- Cardboard tube basket: I cut a toilet paper tube until it was a little bigger than my action figure, about three inches tall. I cut out two straight pieces and taped them to the shortened round tube with masking tape. Then, I punched holes in the straight pieces. I wanted to use these pieces to attach my basket to the zipline.
- Plastic bottle basket: I cut a 1 liter soda pop bottle down so only the rounded bottom part remained, about three inches tall. I measured across the diameter of this container and made a dot with a marker pen on two points straight across from each other. Then, I used a hole punch to punch through the plastic. I wanted to use these holes to attach my basket to the zipline. The plastic bottle is stronger and also weighs more than the cardboard tube. How do you think this might affect the zipline?
- Take two rubber bands that are the same size. Thread a rubber band through each hole, and slide it through itself, to tie it.
- Bend the paper clip so that it is in an “S” shape, with a hook at the top and bottom. Hook the bottom hook through the two rubber band loops. A big paperclip might be easier to bend.
- Put your toy in the cup and hook the paperclip over the zipline string. Let go. What happens? Try launching the gondola from different points on the string, and using a timer– which point on the string makes the zipline go fastest?
Think Like A Scientist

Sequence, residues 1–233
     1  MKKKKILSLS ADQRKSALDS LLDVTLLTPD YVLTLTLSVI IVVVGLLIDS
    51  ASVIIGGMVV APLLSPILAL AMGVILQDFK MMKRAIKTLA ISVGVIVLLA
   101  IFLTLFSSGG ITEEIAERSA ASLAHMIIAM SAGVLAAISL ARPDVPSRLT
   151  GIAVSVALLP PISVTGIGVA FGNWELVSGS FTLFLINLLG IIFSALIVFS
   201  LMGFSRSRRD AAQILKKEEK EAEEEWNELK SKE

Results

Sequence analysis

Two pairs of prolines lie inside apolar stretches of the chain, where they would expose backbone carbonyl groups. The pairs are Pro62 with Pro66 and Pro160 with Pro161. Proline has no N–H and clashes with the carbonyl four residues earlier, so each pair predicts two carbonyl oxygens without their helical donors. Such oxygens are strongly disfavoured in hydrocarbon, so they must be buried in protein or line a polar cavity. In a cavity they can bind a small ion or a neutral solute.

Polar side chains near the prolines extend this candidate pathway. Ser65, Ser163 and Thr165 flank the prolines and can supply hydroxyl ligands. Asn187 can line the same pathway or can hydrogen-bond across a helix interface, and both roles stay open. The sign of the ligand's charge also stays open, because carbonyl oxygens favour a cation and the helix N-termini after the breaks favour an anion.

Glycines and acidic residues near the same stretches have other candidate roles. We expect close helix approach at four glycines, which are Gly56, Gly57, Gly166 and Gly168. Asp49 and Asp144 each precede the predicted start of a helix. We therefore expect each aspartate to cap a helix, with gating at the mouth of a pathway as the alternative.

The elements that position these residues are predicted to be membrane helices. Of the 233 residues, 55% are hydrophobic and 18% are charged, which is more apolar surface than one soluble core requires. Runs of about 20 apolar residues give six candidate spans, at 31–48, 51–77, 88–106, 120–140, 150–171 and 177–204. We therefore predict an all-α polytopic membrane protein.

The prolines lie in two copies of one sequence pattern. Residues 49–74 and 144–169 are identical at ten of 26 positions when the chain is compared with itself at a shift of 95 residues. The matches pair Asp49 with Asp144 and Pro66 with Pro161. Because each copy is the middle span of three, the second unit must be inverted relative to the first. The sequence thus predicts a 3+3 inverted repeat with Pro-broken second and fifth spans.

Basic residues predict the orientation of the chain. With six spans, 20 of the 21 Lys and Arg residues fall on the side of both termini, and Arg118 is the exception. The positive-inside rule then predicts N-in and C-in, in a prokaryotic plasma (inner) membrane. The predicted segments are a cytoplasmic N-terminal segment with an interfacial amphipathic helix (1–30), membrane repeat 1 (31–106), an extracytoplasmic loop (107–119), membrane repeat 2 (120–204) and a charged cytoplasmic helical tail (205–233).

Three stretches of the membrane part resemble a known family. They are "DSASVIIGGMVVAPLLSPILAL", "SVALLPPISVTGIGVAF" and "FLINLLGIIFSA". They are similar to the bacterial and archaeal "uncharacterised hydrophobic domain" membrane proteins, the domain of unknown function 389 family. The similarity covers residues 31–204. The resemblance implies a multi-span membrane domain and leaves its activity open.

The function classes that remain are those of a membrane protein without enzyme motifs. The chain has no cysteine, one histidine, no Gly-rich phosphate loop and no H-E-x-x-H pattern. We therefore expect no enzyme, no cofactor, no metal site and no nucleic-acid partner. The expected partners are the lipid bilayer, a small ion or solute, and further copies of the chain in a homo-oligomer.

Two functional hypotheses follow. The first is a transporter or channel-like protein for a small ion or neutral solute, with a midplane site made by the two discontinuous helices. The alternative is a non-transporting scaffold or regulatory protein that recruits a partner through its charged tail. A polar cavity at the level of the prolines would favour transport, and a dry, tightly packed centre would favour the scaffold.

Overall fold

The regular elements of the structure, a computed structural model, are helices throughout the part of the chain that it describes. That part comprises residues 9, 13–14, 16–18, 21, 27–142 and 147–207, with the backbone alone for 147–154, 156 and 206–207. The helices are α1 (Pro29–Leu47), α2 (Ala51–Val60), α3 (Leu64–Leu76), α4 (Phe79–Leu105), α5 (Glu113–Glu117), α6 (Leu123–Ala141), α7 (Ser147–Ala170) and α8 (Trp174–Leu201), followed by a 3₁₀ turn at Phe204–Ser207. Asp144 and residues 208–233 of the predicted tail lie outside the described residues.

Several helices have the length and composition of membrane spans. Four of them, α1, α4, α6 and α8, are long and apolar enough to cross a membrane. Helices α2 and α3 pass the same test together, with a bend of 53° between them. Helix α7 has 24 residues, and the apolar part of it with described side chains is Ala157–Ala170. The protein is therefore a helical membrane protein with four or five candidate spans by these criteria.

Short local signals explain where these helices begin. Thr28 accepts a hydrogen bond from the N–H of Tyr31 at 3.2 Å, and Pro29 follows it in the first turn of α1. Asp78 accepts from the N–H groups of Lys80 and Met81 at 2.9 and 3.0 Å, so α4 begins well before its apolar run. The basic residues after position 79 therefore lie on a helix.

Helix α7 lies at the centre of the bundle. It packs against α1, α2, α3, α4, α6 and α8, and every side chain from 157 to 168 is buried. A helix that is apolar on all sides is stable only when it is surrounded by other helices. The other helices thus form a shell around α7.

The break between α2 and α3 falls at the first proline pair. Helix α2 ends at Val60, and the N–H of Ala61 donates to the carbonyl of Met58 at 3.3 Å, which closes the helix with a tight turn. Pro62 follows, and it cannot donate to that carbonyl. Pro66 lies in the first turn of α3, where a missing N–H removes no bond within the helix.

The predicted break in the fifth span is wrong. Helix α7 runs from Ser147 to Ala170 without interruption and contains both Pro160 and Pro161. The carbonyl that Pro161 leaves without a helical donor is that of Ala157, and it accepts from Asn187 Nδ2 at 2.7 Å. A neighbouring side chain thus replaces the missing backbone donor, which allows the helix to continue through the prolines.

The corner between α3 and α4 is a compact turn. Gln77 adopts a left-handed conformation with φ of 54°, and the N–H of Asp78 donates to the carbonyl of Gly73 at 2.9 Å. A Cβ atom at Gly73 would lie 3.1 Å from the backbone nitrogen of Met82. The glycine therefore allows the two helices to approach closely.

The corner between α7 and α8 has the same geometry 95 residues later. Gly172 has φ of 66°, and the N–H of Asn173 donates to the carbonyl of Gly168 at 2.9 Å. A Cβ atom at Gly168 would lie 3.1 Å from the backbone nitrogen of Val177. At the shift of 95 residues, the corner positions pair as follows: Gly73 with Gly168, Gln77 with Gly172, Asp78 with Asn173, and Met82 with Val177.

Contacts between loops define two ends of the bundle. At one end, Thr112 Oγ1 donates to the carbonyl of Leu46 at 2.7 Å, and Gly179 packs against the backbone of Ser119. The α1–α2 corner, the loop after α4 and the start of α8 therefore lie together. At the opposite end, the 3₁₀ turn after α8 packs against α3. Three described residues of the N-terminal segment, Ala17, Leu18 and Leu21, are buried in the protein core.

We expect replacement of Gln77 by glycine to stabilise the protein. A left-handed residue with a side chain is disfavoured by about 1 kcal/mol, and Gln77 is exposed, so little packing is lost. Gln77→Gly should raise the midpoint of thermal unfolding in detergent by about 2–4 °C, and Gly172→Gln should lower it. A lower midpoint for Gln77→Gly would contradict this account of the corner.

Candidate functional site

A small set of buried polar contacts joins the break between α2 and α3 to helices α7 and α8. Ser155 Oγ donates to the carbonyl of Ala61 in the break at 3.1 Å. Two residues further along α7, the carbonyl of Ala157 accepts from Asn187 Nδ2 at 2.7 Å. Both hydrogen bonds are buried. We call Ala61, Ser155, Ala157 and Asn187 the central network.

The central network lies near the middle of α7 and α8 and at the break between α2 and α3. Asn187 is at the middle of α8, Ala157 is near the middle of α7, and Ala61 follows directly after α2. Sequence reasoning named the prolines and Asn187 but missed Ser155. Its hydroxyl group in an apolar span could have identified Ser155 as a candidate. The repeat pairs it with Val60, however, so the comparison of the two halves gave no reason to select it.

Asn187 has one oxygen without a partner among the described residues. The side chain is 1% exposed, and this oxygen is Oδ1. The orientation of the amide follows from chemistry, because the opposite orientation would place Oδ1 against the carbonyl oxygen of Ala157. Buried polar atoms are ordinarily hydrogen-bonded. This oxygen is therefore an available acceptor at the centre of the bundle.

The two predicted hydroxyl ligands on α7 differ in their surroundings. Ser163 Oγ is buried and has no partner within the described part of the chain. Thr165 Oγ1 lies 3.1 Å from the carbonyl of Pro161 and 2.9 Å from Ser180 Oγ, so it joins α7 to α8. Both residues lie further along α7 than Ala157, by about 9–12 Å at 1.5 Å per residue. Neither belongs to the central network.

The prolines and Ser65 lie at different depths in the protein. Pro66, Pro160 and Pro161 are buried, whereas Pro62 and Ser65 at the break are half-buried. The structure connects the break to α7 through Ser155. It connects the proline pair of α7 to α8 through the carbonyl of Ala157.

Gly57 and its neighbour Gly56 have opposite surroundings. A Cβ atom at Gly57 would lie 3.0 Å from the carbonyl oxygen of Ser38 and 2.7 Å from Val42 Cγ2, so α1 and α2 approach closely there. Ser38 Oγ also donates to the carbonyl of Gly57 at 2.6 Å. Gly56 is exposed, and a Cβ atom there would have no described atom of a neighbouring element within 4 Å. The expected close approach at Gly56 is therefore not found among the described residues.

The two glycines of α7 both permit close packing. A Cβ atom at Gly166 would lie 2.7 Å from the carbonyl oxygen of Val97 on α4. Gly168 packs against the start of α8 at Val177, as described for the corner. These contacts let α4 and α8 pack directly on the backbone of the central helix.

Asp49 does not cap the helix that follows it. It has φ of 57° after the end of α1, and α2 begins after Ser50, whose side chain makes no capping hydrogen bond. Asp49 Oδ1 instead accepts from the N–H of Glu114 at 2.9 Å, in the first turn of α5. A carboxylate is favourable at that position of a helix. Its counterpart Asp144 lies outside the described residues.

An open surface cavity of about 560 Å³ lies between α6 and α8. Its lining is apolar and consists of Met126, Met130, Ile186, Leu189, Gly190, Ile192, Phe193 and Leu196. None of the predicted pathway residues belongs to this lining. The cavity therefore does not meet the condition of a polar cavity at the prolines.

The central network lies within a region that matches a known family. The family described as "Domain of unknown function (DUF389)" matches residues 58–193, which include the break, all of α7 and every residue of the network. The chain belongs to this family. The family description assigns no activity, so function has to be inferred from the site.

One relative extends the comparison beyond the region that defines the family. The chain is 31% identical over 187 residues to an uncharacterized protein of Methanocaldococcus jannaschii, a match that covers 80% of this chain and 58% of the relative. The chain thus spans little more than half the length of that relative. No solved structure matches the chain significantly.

What were some problems that the gondola had when it went down the zipline?
Brainstorm some ways you could make your zipline go faster.
One way would be to attach a pulley — the instructions are below.
How to Make a Pulley for the Zipline
CAUTION: Don’t get hot glue on your skin! If you aren’t allowed to use hot glue, try super glue with adult supervision, or really strong tape.
- To go faster, you want the gondola to be able to roll smoothly down the string, without getting stuck. Toy car wheels, sewing bobbins or thread spools, or plastic lids glued together can roll smoothly and make a good pulley.
- Think about how you could attach a thread spool to your gondola. How would you attach it to the paper clip hook? What materials could you use? Maybe a sewing bobbin or a toy wheel might work better. Draw your ideas on a sheet of paper, or just try different things and see what works.
- You can make a pulley by hot gluing two bottle caps together (make sure you have a grown up supervising). Spread a thin line of hot glue around the top of a plastic bottle cap. Carefully press the top of another bottle cap to it, and let the hot glue dry.
- When the glue has dried, carefully use the hammer and nail to put a small hole in your bottle cap.
- Hook the paper clip through the hole in the bottle cap, then slide the wheel onto the zipline.
- Pull the wheel up to the height you want to launch your gondola from, and let it go! Time how long it takes your gondola to get from one side of the room to the other.
What other changes can you try, to make your gondola go faster and farther down the zipline?
Take a video of your zipline in action, and share it with us, so we can see what you made! For more engineering projects and science activities, subscribe to our newsletter!